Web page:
Little Tiger

The excitement is huge when the brand new, absolutely fabulous Hotel for Bugs opens its doors for business. In surge the masses of mini beasts eager to sample the tasty treats on offer at the buffet and the fancy facilities such as the spa and club. Perfect for a relaxing holiday.
Then, into the lobby slides a shiny, squishy and blobby slug, leaving a trail of glittering slime in its wake and asking to book a room. More than a tad alarmed, the manager tells the prospective client that the hotel is already full and that anyway, slugs are not welcome.

Nonplussed, out glides said slug leaving a relieved manager and a crowd of onlookers that have gathered to watch the proceedings.

However, it takes just one tiny little bug to speak out, demanding to know why the slug has been sent away. After all, starting with herself, every single one of their number could be thought of as ‘different’ in some way; and before long, the other bugs are contributing supportive comments, each pointing out (or otherwise making known) its own distinctive features.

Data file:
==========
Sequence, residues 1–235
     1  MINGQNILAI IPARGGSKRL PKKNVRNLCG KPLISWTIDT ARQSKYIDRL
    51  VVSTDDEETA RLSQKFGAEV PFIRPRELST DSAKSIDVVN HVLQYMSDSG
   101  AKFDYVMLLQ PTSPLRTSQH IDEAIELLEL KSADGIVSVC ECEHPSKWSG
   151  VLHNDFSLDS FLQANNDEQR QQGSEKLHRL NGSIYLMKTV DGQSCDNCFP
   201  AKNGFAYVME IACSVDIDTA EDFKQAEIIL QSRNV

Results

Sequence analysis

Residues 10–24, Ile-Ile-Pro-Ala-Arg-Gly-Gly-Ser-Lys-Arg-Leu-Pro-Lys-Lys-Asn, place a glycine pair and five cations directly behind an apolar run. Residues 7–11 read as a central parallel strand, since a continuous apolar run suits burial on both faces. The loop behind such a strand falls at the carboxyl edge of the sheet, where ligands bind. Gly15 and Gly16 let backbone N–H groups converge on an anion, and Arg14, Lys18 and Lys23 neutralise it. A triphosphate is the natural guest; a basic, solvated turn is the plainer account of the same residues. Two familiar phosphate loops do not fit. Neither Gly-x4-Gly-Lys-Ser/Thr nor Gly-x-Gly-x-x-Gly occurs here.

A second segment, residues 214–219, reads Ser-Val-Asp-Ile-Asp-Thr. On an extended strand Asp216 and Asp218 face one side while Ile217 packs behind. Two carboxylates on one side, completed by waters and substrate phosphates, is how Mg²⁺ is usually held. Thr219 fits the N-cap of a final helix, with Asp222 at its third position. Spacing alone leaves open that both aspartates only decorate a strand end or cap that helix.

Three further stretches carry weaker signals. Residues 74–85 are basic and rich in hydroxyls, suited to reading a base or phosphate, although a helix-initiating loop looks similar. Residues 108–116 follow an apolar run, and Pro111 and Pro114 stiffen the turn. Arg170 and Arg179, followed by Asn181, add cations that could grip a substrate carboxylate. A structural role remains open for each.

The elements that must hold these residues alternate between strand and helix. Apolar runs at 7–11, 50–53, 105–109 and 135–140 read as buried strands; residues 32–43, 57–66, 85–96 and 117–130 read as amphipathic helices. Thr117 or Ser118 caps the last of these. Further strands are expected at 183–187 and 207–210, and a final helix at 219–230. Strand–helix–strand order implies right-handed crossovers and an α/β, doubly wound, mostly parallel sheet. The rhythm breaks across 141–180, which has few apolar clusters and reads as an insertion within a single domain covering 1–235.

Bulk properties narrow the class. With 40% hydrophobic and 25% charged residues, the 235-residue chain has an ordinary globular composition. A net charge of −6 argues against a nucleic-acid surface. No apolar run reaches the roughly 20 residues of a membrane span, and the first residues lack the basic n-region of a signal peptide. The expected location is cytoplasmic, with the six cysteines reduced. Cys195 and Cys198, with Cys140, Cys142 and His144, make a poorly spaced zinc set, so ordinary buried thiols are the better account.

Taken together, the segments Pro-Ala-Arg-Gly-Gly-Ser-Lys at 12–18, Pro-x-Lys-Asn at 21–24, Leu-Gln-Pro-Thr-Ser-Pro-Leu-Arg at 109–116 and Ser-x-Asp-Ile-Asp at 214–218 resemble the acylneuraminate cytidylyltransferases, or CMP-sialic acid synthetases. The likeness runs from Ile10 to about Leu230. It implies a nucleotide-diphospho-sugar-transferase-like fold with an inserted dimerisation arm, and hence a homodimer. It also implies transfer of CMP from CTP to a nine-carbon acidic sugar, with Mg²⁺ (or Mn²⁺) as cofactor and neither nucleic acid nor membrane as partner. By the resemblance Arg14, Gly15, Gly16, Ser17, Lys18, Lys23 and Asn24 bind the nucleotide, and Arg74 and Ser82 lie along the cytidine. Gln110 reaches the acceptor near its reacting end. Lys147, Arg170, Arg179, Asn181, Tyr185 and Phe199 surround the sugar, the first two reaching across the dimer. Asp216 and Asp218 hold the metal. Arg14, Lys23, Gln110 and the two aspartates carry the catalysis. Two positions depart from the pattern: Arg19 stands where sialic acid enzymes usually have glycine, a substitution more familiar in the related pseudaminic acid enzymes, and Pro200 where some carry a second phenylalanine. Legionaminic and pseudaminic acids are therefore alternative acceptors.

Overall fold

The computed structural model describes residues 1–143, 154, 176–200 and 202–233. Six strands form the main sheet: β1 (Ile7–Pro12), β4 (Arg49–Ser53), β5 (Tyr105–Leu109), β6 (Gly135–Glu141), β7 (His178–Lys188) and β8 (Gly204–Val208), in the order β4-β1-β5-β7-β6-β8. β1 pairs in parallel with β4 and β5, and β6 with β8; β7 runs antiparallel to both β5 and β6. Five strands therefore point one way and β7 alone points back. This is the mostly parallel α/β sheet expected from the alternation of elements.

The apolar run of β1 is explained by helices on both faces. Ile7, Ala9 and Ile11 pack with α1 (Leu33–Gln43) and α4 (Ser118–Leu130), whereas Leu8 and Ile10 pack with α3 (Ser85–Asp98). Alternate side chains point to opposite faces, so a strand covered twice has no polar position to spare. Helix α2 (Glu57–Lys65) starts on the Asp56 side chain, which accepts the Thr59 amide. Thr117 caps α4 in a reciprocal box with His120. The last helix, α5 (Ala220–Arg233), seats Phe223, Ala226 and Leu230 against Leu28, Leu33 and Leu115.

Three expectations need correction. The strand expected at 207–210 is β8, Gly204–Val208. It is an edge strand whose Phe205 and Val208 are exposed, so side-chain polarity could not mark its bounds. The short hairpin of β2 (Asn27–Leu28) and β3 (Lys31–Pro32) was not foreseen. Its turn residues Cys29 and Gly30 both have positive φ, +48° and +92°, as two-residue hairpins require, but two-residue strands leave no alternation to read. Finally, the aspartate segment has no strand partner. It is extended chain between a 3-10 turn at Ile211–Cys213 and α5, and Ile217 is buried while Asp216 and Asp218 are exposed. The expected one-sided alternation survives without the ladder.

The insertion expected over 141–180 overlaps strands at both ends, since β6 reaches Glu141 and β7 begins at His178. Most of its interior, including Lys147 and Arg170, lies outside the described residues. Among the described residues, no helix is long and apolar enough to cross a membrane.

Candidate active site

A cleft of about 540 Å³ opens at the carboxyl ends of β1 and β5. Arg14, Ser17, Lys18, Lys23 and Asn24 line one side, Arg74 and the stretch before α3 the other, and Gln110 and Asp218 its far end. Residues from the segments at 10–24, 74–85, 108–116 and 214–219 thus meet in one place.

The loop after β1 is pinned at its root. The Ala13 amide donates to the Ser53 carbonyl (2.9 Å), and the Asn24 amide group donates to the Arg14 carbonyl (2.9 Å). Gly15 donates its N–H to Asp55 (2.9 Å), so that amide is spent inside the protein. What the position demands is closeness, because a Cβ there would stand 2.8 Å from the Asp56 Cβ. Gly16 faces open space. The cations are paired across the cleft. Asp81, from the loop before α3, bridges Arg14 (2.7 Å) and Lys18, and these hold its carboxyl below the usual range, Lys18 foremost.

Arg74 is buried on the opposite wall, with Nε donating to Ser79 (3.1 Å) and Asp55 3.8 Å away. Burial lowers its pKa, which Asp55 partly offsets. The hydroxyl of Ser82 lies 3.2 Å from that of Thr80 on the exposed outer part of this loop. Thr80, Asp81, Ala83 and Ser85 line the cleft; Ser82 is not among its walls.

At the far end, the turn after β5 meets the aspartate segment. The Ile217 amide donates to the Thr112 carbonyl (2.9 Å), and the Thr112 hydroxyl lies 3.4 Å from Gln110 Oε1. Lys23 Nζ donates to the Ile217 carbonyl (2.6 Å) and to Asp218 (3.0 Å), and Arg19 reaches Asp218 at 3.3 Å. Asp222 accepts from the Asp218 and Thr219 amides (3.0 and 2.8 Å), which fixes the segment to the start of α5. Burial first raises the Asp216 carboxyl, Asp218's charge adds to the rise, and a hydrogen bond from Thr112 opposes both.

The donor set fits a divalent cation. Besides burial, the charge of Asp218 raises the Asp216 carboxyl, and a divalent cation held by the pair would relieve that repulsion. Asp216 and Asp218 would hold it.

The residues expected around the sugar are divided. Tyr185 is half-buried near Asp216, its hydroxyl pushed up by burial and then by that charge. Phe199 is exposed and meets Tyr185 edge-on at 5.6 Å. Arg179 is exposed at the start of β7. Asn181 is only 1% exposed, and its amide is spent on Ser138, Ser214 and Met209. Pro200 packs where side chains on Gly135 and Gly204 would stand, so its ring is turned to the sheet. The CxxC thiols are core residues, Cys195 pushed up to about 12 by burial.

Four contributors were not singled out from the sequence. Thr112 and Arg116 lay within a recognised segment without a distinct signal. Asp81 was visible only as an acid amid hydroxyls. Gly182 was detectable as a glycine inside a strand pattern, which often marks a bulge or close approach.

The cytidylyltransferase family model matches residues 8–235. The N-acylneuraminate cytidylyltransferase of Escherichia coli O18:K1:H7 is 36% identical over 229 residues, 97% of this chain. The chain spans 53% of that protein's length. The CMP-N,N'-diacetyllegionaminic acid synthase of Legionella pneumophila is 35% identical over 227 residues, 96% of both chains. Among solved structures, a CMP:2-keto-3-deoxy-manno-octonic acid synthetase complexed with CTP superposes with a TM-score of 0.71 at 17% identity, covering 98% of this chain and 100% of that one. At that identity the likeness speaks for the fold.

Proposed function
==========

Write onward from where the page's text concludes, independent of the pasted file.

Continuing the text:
Has the manager made an irreparable error in her treatment of the slug, or is there a way that the situation can be fixed for every single one of the creatures that entered the portals of the establishment that day?

Suzy Senior’s jaunty rhyming text together with Leire Martín’s brightly coloured creepy crawly characters portrayed with their idiosyncratic features, show the importance of inclusivity and that difference is something to embrace and celebrate rather than fear.

Octopants: The Missing Pirate Pants / Rita Wants a Ninja / Little Scoot

Octopants: The Missing Pirate Pants
Suzy Senior and Claire Powell
Little Tiger

There’s definitely a plethora of pants in this new story about Octopants (narrator) and his ocean pals Turtle and Pufferfish. It’s the latter who has lost his favourite pirate pants and to make him feel less glum Octopants organises an undersea search. Having drawn a blank in the usual places in town, the friends brave the wreck and there they come upon a pirate crew with a pirate party in full swing with pants simply everywhere.